Great info and thanks!
|Tom W Clark||
posted 04-25-2011 11:59 AM ET (US)
Update: Last summer, the current owner of this boat applied a fresh coat of bottom paint. He wanted to match the color so I gave him the color formula and sent him to the same paint store I had used two years earlier.
They gave him the tints for the paint in a brand new quart can and did not charge him anything. The store could not have been nicer.
posted 04-29-2011 02:04 AM ET (US)
That came out really great. Changes my whole perspective on bottom paint. B Moore Aura sure is some good paint isn't it? That's all I use for walls.
posted 05-01-2011 08:02 AM ET (US)
Tom, I just did almost the exact same thing with similar results. I bought some Vivid white but wanted to match my Awlgrip Oyster White topsides. I called Awlgrip and they told me to use a tint of mustard and black. I got the small amount of tint from a fiberglass/paint store for about $10 and bought a cheap quart of white house paint at Home Depot. I played around mixing tints and could not get it right so I took my Awlgrip color chart to a local Benjamin Moore store and asked them if they could tint my Vivid to match the Oyster White. He did it with not problem and matched it perfectly. It came out great.
posted 05-11-2011 08:59 PM ET (US)
Anybody painted over any darker color bottom paint with either white or desert tan tinted paint? If so how many coats did it take to cover, or did it?
posted 05-11-2011 10:15 PM ET (US)
Back in the spring of 07 when I refinished the bottom paint on my 22 Outrage I had a custom batch of desert tan made for my hull. I had pacific blue colored bottom paint and there and the manufacture of the desert tan recommended that I remove the blue. Otherwise, it would take a good 4-6 coatings to cover the blue properly. The reason for so many coatings was first to cover the blue and not have it show through but, the other main factor was so the blue would not show through after a couple months as the paint wore away from use.
I sanded my bottom back down to the white epoxy barrier coat and started over. It took 2 solid coverings to get a good coating.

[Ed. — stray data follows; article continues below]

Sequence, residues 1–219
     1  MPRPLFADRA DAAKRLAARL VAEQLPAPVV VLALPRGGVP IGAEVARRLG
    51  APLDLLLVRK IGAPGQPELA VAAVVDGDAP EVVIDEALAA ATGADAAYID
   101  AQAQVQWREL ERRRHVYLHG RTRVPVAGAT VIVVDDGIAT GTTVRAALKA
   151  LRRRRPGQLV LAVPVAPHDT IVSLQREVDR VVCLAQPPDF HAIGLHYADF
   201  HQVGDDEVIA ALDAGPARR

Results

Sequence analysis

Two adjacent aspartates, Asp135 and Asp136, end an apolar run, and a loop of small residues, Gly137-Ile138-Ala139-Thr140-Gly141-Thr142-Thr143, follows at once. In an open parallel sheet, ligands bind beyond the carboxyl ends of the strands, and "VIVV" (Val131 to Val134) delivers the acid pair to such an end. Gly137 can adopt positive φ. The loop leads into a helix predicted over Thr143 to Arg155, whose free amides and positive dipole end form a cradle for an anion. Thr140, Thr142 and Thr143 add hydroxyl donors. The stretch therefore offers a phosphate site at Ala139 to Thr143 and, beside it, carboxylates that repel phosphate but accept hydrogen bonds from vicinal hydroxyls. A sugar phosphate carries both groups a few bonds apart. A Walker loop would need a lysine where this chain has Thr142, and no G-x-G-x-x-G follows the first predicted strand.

Here are some images of the process
On the boat
To get my color made I took a locker hatch to a local paint manufacture and had them color scan the under side of the hatch so, that they would get a reading from a surface that had seen little UV degradation. I also brought a chip of Pantone PMS#7527 colored paper (which matched my 1985 desert tan gelcoat). From there they the created a custom mixed bottom paint.
For those looking for Desert Tan bottom paint you can now order it from the manufacture I had custom make mine. They used to not sell and ship it due to newer hazmat shipping regulations. However, when Dave Buckalew (buckda) was over picking up his batch last month they let him know they were now mixing and shipping paint across the country again.
Here is the info for who made and now ships the Paint.
The color mixing code is under my name.
They start with a Sea Hawk ablative white base and custom mix the color in to get to the desert tan.
Some things I noticed after using my boat with a desert tan ablative bottom paint.
1) If the boat sat in the water for more that 12 hours I noticed the paint would ever so slightly turn a tad bit lighter. If you look close at some of the images of the boat running you may notice it. The boat had been in the water for over 24 hours when those were taken. It never got any lighter than those images. Which to me is still light years ahead of any other paint color.
2)You do not want any black rubber rollers on your trailer or hoist. The black leaves marks on the light paint. You want to make sure to use polyurethane rollers.
I sold the boat is late 2007 and the current owners are still using the boat (now is saltwater) with the desert tan bottom paint and loving it. They actually had it over at Chesapeake Whalertowne and they told the owners after learning they keep the boat in the water that it really should have bottom paint on it. The owner told them it was painted and had to take them over to the boat to show them the bottom. The service people were surprised that they had been fooled.
posted 05-12-2011 10:21 PM ET (US)
One detail I forgot to add...Kush's desert tan mixed bottom paint is about $125 per mixed gallon.
posted 05-14-2011 09:46 PM ET (US)
Thank you jeff I remember your project as I was doing the same to my old 18'. I went all the way to polish on that bottom though. It may be a bit of irony to now go from a polished bottom to paint but it may have to be done.